An equivalence class is a subset x of a set X with an equivalence relation ~ such that:

x ∈ X
x = {y ∈ X: y~x}

This means that if you pick an element x out of a set X, then the equivalence class x is the set of all elements of X that are equivalent to x. For example, let's make a set B such that each element is a colored ball. If we take the equivalence relation "same color", then the equivalence class of a red ball picked from B is the set of all red balls in B.

Constructing equivalence classes

Constructing equivalence classes is a piece of cake (if we assume the axiom of choice). The basic principle of equivalence classes is that any element of an equivalent class is a good representative of the whole class. If, for example, there were a paper bag containing the elements of an equivalence class of B, and we pulled out a blue ball, we would know that the paper bag contained the equivalence class of blue balls in B.

Properties of equivalence classes

As shown in the previous write-up, equivalence classes of a set X are pairwise disjoint, meaning that you will not find an element from one equivalence class of X in any other equivalence class of X. It is also true that X is the union of all of the equivalence classes of X with respect to ~ (~ being the specific equivalence relation you are working with). The set of all equivalence classes of X with respect to ~ is called the quotient set, Q, of X with respect to ~. Q is also a partition of X.

Let's take our set B of colored balls again. The quotient set of B with respect to the "same color" relation would be the set of all colors. It is important to keep the equivalence relation you are using in mind. For example, the quotient set of B with respect to the "same shape" relation would be completely different: it would be the set of balls.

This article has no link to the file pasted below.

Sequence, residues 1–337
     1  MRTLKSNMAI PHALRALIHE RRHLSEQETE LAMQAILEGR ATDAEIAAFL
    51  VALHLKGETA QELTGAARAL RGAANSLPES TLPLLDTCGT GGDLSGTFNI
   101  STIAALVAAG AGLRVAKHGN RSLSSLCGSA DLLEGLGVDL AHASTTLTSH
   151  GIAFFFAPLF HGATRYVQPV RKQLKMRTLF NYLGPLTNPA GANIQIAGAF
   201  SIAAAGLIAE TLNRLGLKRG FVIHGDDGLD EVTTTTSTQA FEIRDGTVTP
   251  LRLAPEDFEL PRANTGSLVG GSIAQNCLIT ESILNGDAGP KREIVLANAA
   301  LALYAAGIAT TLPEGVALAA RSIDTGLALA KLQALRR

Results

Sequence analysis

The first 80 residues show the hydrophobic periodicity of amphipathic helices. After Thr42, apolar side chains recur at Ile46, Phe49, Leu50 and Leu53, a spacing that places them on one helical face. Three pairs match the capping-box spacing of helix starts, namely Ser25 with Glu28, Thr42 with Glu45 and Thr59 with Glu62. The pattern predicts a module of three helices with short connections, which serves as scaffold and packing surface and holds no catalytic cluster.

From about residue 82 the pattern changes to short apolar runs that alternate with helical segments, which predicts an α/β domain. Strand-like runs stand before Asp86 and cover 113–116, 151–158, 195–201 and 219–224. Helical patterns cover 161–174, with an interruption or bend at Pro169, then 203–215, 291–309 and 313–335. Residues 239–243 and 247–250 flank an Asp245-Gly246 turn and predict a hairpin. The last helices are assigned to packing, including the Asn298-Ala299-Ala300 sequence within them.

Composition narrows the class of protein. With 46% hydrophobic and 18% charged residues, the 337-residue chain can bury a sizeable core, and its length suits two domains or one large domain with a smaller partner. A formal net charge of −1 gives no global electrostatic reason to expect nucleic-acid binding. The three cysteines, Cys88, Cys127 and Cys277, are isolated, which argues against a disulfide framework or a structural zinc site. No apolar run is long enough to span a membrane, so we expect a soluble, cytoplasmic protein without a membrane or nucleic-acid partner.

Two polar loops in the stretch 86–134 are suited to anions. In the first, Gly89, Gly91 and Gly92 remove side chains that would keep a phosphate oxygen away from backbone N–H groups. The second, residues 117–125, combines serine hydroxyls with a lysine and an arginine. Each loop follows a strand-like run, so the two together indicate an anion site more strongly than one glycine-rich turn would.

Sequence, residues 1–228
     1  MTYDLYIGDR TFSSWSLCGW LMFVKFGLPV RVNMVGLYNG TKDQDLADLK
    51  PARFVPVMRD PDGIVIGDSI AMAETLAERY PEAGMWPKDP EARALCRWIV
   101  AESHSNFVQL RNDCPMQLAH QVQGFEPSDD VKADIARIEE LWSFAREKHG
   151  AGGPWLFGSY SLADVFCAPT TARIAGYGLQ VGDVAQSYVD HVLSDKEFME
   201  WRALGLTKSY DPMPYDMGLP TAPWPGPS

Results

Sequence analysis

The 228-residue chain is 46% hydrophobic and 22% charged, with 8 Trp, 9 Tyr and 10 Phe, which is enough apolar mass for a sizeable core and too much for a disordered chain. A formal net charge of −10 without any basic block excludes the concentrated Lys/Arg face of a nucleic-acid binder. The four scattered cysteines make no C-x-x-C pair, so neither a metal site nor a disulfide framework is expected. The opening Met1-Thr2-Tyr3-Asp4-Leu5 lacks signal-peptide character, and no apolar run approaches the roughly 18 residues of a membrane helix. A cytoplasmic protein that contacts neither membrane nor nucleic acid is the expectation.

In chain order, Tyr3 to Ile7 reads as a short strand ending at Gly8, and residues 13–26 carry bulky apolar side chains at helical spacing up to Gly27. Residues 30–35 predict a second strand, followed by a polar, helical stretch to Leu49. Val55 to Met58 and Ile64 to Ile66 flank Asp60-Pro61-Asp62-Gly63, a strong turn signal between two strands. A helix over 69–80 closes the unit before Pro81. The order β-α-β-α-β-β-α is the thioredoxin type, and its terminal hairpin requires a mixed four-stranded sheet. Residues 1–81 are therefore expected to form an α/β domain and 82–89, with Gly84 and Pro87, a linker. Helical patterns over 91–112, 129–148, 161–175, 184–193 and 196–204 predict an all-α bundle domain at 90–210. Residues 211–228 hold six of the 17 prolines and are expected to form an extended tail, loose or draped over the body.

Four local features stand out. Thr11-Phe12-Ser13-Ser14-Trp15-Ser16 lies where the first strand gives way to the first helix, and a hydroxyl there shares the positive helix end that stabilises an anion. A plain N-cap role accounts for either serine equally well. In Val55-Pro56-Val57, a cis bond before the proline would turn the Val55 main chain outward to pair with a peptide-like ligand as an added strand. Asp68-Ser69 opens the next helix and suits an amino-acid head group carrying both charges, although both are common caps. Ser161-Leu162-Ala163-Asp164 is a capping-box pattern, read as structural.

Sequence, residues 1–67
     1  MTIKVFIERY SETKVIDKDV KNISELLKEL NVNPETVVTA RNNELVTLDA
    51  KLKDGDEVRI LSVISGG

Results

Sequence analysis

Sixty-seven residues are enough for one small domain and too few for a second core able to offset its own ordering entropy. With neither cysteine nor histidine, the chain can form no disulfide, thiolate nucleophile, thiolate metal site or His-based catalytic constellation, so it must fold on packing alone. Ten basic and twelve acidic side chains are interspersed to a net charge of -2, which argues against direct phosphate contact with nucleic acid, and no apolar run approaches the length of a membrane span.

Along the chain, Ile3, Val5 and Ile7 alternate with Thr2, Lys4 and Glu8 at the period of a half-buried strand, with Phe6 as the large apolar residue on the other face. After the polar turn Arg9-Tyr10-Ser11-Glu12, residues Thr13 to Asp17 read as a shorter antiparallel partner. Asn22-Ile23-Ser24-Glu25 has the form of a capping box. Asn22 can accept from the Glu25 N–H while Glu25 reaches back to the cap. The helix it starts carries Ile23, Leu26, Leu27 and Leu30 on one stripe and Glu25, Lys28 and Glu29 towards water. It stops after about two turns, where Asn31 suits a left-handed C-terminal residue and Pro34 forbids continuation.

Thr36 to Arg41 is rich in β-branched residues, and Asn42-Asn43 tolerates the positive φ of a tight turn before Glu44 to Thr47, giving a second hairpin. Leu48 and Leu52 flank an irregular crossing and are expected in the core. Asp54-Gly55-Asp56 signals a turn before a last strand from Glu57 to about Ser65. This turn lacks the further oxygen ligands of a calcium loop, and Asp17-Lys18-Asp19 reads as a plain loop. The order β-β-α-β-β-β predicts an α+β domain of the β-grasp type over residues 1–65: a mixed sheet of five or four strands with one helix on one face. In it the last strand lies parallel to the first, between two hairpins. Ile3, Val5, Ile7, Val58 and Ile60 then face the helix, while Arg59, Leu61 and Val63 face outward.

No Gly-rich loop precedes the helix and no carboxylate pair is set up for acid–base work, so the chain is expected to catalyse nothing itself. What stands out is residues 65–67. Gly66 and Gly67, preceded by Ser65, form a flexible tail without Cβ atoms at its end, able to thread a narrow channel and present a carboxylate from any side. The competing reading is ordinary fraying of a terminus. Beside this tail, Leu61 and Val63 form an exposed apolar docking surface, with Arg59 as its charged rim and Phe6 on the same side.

Equivalence classes in modular arithmetic

Equivalence classes are a convenient and concise way to talk about modulo integers. When we describe a (mod n), what we're really talking about is:

...≡(a-2n)≡(a-n)≡a≡(a+n)≡(a+2n)≡... (mod n)
or just:
a≡a+kn (mod n)     k ∈ Z (k is an integer)

This is exactly the definition of an equivalence class. 0 is the equivalence class containing ...0-2n, 0-n, 0, 0+n, 0+2n.... There will be n distinct equivalence classes. The quotient set of integers modulo n, Zn, would be {0, 1,..., n-1}. Any other equivalence classes would be identical to one of these. For example, 2+n=2. It is also true that a+b=a+b and a·b=ab. More detailed information can be found in the integers modulo n write-up.

Equivalence classes in the real world

If you walk into a library, there are a whole bunch of books on a large number of shelves. If you are looking for a particular book, you're probably not going to find it by chance. Fortunately, all of the books are organized by subject, author, title, date of publication, etc. The computer at your local library is programmed to search a database containing every book according to your criteria and then produce a list of every book that satisfies them. This list is an equivalence class, with each criterion being an equivalence relation. The list of every subject would be the quotient set. Using these lists lets you find a book in minutes, as opposed to the hours you might spend fruitlessly wandering aisles.

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Sources:
The Mathematics of Ciphers: Number Theory and RSA Cryptology, S. C. Coutinho © 1999